The Land-Grant Landscape
DALLAS -- Leaders of land-grant universities see a slight brightening in their institutions' immediate economic situations -- but increasingly recognize that they must make structural changes to accommodate fundamental, long-term shifts in their funding models.
Those are the key (if preliminary) findings of a survey discussed here Sunday at the annual meeting of the Association of Public and Land-Grant Universities, which represents 186 of the country's largest state-affiliated institutions. The survey, supplemented by a series of interviews with provosts at eight universities, shows that while the short-term impact of the Great Recession has eased slightly, campus leaders fully expect that the financial landscape has changed irrevocably -- and are starting to change their behavior (if slowly) in response.
The tendency to view the financial situation less as something to get through by any means necessary right now than as an imperative to make more fundamental, strategic structural changes is a recent development, said Christine Keller, director of research at the land-grant association. "In last year's survey, people talked about doing strategic planning, but at the same time, they were doing many of the things they've always done: freezing travel and salaries, putting off facilities maintenance, etc.," Keller said. "This year they're still taking some of those steps, but a lot of the provosts seem to be recognizing that they're going to have to handle things differently in the future."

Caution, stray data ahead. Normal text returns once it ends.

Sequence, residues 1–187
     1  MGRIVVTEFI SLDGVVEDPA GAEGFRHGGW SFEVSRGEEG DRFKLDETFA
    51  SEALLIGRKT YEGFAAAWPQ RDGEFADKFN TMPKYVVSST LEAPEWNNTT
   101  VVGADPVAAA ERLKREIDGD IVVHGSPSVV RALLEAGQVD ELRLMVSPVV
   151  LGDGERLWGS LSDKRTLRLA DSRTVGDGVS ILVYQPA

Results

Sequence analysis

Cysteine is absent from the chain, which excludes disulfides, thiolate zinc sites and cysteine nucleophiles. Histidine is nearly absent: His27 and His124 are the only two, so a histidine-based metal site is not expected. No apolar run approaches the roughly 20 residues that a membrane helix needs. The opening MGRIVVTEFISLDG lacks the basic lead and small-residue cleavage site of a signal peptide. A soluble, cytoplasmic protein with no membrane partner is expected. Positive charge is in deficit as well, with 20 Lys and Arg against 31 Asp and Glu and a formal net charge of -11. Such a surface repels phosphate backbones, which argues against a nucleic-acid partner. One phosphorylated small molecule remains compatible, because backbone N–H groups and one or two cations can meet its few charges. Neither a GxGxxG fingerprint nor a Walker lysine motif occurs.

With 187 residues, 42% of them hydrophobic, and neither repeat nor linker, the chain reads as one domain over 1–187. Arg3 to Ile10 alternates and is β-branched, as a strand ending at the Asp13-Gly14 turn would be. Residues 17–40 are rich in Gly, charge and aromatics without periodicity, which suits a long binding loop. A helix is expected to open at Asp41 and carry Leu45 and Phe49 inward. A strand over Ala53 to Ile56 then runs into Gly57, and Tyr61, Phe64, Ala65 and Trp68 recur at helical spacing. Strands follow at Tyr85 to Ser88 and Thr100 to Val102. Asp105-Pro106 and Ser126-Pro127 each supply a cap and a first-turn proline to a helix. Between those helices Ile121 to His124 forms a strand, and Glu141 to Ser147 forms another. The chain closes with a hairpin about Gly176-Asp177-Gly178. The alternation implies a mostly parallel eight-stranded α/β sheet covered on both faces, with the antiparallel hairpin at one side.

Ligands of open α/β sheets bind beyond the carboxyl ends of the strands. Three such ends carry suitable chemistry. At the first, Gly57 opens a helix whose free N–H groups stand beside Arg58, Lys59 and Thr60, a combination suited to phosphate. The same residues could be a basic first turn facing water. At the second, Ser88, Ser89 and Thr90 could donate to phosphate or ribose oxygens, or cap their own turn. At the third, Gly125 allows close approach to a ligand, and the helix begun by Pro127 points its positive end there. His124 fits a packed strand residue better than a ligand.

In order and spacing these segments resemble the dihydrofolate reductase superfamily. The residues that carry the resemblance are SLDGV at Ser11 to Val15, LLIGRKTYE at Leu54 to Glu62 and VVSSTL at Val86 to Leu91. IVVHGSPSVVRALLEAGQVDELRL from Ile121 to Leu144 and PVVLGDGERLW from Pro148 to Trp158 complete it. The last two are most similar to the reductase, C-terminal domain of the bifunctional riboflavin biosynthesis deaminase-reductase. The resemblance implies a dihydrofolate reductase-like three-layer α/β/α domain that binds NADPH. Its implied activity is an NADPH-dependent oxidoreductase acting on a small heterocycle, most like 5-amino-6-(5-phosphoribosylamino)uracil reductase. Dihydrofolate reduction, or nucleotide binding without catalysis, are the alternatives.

The basic outlines of the data reported by the 74 public university campuses are unlikely to surprise most people who've been paying attention to the financial situation in higher education. Sixty percent of those surveyed reported declines in state appropriations in 2010 (down from 78 percent in 2009), and those dips were smaller on average than they were in 2009: 6.7 percent vs. 11.4 percent. (Of the rest, 20 percent of institutions received an increase, and funding for the rest was flat.) The vast majority of institutions sought to make up for those lost revenues by raising tuition and fees for in-state and out-of-state students alike (3-6 percent on average) and by increasing the number of students they enrolled (nearly two-thirds had planned to increase the size of their freshman classes and of their graduate student bodies).
Keller cited the gradual shift from state to tuition revenues as one of the overpowering "new" realities evidenced by the survey. But given the downward pressure that politicians and others are putting on public institutions not to raise their tuitions too quickly, the increased tuition revenue the universities in the APLU survey generated did not make up for what they lost in state funds. That reality has both short-term and long-term implications for land-grant and other public institutions.
In the short term, the survey found, most institutions turned in 2010 to many of the same strategies they have been accustomed to using: cutting costs through smarter (and often more centralized) purchasing arrangements, delaying facilities investments, and the like.
But compared to previous years, Keller said, the survey (and the interviews that APLU conducted with individual provosts) suggested that more universities are instituting, or at least considering, the more difficult sorts of longer-term approaches and structural changes that they would normally avoid if they thought a rebound was imminent. (The anticipated disappearance in most states of the federal stimulus funds worsens the outlook.)